Let’s rise above the culture of relativism and show more love for the people in our lives by sharing the truth with them.  

Edward Sri is a professor of theology at the Augustine Institute. This article is based on his newest book and eight-part DVD small- group study, Who Am I to Judge? Responding to Relativism With Logic and Love (Ignatius Press). Part V:  “Why Relativism Is Not Neutral.”
Read: Parts 12 & 3.

Sunday, April 23, 2017

The Interior Life is Everything

It Might Not Look Like Much, but the Interior Life is Everything

I thought life was too short not to do it all, so I was willing to try anything once. I was always up to something new: apartments, jobs, travel plans, degrees, beliefs. I had long lists of things I wanted to try and places I wanted to visit. But then I converted to the Catholic Faith, had my first baby, and became a stay-at-home mom. I don’t really do a whole lot anymore.
No one calls my parents to say, “You’ll never guess what she did now!” about the soup I made for dinner. No one cheers from the sidelines: “Do it now, while you still can!” when I seize some free time to read. And I don’t send postcards from my adventures in the Land of Croup.

There is still movement aplenty in the form of toddler mischief, blocks flying past my head, and children standing on things they shouldn’t be standing on.
But for the most part, any changes, any “movement,” comes not from doing something exciting in the greater world but from an interior movement of the heart, mind, and will. I’m not crossing borders, but experiencing the slow and often painful movement of the soul toward God.

Our culture is all about the externals. We cultivate bodies and bucket lists as if there will be a crown in heaven for those who looked the best while trekking at Machu Picchu. But in heaven, joy will be found in those quiet fruits of practicing the faith: contemplation, prayer, and adoration.
The inner life isn’t flashy, it’s not exciting, and no one is going to be jealous of the time spent on your knees in prayer. But it’s the real stuff, the good stuff. The hard stuff.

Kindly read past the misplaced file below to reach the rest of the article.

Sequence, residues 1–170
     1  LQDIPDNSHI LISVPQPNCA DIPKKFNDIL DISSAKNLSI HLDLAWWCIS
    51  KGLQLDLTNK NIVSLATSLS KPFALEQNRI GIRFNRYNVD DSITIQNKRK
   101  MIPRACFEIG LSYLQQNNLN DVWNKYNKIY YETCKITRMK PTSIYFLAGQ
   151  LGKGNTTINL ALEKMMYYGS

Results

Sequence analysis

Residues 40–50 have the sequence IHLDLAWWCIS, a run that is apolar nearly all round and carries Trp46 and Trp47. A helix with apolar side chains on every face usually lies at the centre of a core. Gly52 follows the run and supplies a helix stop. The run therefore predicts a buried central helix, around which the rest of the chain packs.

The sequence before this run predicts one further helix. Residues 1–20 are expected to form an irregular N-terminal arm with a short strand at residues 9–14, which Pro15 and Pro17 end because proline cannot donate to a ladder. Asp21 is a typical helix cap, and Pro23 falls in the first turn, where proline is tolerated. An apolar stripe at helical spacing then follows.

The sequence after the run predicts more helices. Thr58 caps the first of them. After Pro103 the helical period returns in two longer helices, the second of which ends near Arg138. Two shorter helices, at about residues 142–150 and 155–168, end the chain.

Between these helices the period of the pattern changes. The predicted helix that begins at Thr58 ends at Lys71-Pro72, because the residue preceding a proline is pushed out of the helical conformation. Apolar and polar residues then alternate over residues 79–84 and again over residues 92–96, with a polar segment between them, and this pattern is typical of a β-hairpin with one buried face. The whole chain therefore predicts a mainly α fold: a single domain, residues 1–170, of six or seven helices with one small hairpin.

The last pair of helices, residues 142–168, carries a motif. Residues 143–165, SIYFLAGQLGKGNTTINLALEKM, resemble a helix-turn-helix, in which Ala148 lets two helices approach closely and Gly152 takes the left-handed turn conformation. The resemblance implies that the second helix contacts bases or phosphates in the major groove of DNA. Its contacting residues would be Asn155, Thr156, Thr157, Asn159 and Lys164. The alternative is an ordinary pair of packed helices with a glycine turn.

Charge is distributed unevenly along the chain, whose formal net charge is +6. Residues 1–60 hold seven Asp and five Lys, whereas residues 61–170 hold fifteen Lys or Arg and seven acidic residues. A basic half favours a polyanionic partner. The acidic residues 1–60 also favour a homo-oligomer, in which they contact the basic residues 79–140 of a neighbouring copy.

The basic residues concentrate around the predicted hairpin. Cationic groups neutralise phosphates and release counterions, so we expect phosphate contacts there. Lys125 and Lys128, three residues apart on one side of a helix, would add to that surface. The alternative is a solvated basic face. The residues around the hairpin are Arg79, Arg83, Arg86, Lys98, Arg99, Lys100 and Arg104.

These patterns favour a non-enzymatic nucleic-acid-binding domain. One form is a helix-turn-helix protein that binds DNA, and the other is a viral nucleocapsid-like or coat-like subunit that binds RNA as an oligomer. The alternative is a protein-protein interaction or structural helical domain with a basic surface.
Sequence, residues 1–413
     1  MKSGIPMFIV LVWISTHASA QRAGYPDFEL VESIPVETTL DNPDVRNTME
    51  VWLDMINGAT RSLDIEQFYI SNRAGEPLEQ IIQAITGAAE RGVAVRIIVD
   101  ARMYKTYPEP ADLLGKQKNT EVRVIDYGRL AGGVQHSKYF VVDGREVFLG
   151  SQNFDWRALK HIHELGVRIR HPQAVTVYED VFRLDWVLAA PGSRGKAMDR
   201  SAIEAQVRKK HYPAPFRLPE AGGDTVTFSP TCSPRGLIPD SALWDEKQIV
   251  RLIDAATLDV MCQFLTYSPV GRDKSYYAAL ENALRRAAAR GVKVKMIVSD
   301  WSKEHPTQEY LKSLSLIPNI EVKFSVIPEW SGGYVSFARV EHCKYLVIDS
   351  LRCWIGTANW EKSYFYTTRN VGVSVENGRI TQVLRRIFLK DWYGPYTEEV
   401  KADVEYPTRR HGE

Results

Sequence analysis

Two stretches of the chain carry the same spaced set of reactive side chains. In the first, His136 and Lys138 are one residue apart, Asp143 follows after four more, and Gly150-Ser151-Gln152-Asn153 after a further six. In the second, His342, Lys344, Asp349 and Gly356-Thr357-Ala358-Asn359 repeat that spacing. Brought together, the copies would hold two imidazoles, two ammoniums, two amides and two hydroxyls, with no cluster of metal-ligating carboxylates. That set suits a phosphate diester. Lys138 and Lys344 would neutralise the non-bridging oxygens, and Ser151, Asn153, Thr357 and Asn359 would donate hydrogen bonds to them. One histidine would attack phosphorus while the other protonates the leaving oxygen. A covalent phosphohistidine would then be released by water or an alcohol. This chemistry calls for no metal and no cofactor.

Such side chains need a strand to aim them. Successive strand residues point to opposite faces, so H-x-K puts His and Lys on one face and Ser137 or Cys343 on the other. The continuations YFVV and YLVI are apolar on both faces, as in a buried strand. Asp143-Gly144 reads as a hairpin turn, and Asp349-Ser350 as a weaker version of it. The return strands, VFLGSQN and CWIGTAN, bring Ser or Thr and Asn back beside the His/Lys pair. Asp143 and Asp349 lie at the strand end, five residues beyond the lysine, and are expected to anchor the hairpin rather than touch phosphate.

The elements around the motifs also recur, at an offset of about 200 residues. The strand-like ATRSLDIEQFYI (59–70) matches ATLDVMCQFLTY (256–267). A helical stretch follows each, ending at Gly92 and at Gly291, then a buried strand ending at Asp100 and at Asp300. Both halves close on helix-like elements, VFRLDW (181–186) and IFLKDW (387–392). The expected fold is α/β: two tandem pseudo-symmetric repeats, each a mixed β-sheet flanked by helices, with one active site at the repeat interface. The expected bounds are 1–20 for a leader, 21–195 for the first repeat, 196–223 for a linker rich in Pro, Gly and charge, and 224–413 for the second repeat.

More determination is required to subdue the interior man than to mortify the body; and to break one’s will than to break one’s bones. — St. Ignatius of Loyola

In seizing freedom and making lists there was little bending of the will, little in the way of sacrifice beyond saving money for the next adventure. And very little stillness.
Now I live on a much smaller, more intimate scale. There are no big trips planned, no promotions, nothing exciting—only the day-to-day attempt at joyful sacrifice and surrender of self. This is harder than the worst of flights, bedbugs, and food poisoning all in one. It doesn’t sparkle with novelty either: the battle against the flesh is an old one.

But this interior movement is everything, even when I am perfectly still, kneeling—not even “standing on my own two feet.” As the spiritual life has grown, the bucket list has shrunk. Sometimes that feels good and right, other times a backpack and a one-way ticket sound pretty appealing.
And those times I remind myself that the real destination sells no postcards, and no one’s clamoring that you should go now before it’s discovered. The crown offered there is sought in the smallest of moments, in privacy and prayer, in the constant and quiet pursuit of what is good and holy and true—and in the denial of self.
“Lord what wilt Thou have me do? Behold the true sign of a totally perfect soul: when one has reached the point of giving up his will so completely that he no longer seeks, expects or desires to do ought but that which God wills.”
—St. Bernard of Clairvaux

http://catholicexchange.com/might-not-look-like-much-interior-life-everything
image: Mikhail Markovskiy / Shutterstock.com
Denise Renner

By 

Denise is a wife, mother, and Catholic convert who writes at The Motherlands. She lives in Oregon with her husband and two children. Denise was raised Lutheran, earned a masters in theology from Southern Baptists, and, finally, was lead to the Catholic faith by her husband.

Martyrs suffer for our sins - homosexuality is one



Jan. 11, 1993

Each week, Fr. Rutler writes a column to which you can subscribe on the parish web site. In this week's column, he writes:

I do not like most jargon, as it diminishes the creative power of the noble English language rightly used. For instance, I do not like to be told by bureaucratic sorts to “prioritize.” (Apparently, the first recorded instance of its use was in the 1972 presidential campaign.) As with all things, Christ the Living Word put it better when he said, “But seek first the kingdom of God and his righteousness, and all these things will be added to you” (Matthew 6:33). God and his promise of eternal life should have priority over every other desire or concern. Recently, many television viewers complained about a news bulletin covering the beheading of the journalist and devout Catholic, James Foley. Their objection was not to the horror of the news, but that it had interrupted the broadcast of a soap opera. We are learning quickly that people with that defective kind of priority will soon find out the hard way that life is not a soap opera. We are now engaged in a war, whether or not some politicians hesitate to call it that, and it must have priority over all other interests. The war is being fought by enemies of God, deluded by the conceit that they are fighting for God.